Last weekend Queensland Raceway hosted the latest round of the TGRA 86 Scholarship Series. This is the second tier 86 category that was launched earlier this year and will, from 2024, be the home for the current cars as the new model takes over in the main TGRA 86 Series.
On the surface of it, that's not the biggest news in the world. But what is interesting about this second tier 86 Series is that it could well be the key to enticing more of the 15-plus-year-old girls, who have been active in karting, into the next level of motorsport.
Over the course of the four rounds of the Championship conducted so far, a total of six girls have taken part, with each round featuring four of them. The overall field size has been between 16 and 30 cars.
At the weekend, two of the regular female competitors, Alice Buckley and Zoe Woods, were joined by Karlai Warner and Summer Rintoule for their debuts.
So, QR saw a total of 16 entries of which 25 percent were driven by female drivers. That in itself is an interesting landmark moment.
Whilst some of the early season competitors chose not to come to Queensland, Lachlan Bloxsom, as one of the two main protagonists fighting for the overall series points lead to date, ensured that everyone had a great benchmark.
Hopefully I've set the scene for the remarkable achievements of 16-year-old Alice.
Alice took pole position at QR on Saturday and proceeded to win all three races with Lachlan finishing second right behind her each time. The racing was excellent and clean from both drivers – a credit to them. But Alice showed that she can be fully competitive in a car against one of the best young drivers in Queensland at the moment.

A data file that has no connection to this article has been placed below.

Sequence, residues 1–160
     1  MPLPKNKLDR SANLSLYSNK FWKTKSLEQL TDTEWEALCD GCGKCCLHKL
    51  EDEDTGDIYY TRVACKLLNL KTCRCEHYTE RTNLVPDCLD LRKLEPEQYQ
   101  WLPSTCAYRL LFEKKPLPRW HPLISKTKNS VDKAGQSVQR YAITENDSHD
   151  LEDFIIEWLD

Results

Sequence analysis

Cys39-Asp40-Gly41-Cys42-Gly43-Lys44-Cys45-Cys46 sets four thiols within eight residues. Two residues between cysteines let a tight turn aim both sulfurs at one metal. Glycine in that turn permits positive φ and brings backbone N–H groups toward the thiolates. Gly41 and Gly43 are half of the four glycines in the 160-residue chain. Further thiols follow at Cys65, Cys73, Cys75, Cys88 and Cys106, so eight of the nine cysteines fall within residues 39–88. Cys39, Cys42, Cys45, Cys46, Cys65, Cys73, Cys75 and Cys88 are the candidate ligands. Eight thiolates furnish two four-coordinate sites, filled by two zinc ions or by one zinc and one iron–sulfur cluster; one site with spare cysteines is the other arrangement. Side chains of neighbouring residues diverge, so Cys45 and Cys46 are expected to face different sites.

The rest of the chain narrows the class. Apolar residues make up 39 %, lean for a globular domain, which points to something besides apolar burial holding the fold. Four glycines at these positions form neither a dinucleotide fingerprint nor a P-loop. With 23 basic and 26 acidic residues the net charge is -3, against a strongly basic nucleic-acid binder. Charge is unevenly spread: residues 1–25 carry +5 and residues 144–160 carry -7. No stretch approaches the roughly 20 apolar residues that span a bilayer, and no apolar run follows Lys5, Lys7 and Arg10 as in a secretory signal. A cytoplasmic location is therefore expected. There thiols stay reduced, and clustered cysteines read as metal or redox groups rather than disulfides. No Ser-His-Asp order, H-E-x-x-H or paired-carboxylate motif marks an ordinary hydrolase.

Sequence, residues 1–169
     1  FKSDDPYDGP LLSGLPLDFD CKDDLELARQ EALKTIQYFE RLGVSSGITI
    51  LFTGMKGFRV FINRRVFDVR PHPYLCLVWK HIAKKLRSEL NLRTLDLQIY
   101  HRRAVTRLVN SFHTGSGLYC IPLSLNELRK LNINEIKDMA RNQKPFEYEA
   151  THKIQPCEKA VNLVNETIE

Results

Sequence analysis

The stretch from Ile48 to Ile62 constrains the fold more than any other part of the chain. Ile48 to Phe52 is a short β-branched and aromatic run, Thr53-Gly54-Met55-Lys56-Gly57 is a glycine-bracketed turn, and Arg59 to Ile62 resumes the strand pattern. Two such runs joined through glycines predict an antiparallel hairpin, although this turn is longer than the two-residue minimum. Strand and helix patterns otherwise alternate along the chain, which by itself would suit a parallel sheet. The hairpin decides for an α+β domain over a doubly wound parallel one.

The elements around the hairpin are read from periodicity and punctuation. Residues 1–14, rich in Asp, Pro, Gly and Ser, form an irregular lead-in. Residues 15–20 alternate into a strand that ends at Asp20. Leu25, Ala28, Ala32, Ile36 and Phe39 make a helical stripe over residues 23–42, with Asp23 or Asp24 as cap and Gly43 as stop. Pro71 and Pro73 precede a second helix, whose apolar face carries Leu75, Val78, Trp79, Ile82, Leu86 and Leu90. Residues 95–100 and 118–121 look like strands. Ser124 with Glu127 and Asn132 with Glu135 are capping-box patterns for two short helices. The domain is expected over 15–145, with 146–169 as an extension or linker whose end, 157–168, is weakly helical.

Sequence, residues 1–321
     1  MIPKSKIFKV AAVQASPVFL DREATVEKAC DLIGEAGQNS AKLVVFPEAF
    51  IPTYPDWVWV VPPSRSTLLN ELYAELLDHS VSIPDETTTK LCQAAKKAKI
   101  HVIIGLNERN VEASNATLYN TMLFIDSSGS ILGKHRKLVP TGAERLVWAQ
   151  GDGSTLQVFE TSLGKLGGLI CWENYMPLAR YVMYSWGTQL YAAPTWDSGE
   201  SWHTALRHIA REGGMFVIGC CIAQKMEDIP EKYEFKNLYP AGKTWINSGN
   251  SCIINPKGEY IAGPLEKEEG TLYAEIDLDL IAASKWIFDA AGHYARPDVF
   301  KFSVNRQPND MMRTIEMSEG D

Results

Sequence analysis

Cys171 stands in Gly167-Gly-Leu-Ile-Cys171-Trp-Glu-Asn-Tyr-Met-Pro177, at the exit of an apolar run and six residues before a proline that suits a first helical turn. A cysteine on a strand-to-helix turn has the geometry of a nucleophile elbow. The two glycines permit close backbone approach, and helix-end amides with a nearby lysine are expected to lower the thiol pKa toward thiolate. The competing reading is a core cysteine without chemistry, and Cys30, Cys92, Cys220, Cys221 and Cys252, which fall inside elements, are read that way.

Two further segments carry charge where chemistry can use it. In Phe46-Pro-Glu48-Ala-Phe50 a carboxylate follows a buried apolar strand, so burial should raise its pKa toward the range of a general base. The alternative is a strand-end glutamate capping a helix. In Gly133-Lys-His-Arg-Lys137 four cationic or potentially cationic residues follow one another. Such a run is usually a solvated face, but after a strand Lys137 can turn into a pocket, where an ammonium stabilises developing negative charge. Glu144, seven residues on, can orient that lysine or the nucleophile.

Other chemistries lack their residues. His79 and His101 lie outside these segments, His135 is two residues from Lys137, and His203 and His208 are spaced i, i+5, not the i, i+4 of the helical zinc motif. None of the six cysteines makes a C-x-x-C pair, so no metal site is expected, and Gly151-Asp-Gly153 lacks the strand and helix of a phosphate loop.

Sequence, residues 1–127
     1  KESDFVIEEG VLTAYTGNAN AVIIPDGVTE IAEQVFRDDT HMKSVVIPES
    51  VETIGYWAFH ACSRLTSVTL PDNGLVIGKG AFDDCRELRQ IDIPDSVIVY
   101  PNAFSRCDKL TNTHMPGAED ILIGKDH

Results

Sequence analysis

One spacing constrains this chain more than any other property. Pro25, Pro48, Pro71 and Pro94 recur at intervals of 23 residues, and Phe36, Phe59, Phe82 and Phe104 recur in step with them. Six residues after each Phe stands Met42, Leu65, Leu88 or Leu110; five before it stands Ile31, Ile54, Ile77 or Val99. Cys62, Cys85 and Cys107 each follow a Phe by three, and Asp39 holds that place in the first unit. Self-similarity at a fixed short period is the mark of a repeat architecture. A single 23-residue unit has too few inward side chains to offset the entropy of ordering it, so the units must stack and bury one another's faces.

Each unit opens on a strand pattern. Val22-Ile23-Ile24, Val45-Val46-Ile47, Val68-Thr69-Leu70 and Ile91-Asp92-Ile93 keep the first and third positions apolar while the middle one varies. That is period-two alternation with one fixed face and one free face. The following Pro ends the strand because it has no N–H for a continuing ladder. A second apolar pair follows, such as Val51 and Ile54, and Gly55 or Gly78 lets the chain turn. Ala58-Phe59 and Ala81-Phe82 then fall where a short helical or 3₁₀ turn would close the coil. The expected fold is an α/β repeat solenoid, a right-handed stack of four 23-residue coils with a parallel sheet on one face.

For those of us there watching, it was a special moment in Australian motorsport made all the better by the performances of the other three, less experienced, girls taking part.
In Race 3, which ran without a Safety Car for 11 laps, Zoe Woods finished fifth (four seconds off the lead), Karlai Warner finished eighth and Summer Rintoule finished tenth. Pretty good for runs for the two debutants!
I have to admit to having a particular interest in Karlai's performance as she's part of the Racing Together programme and those of us involved were all thrilled to watch her first Toyota 86 appearance.
Paul Morris was on the radio to her during the races from atop the hospitality area, taking shade under the excellent new ‘Ryder Canopy' that is now a signature part of the revitalized QR circuit. The Dude was a calming influence and great mentor, as he is when coaching at Norwell.
But for me, the outstanding message from the weekend was just how good a platform this new Toyota Scholarship Series is for not only young drivers generally, but females in particular.
Let's face it. Motorsports is too much of a Man's World. Most of us know that and most of us are certainly aligned on the point that this needs to change. But we don't always actually do much about it.
This category is ideally placed to be the go-to series for those young girls who are currently karting and are umming and ahhing about where to go next in the sport.
The organisers, who are responsible for both of the Toyota 86 Series, do an exemplary job of not only the administration, but also the scrutineering and the operational aspects.
For instance, the Driving Standards Officer, Steven Johnson, has the right level of both empathy and also authority when interacting with the competitors. He's not intimidating. Rather, he offers advice and solutions to young drivers, including the girls, whilst also teaching them about the rules of engagement.
Given just how many female registered karters there are in Australia (around 430), it's clear that the sport is losing too many in the switch from karts to cars.
The Toyota Scholarship Series represents the best route that I've seen to date for more of those girls in karting to progress further when they hit 15 years of age. The environment is as tailor made for them as any I've seen.
In the meantime, young Alice Buckley deserves all the plaudits she received last weekend, and more.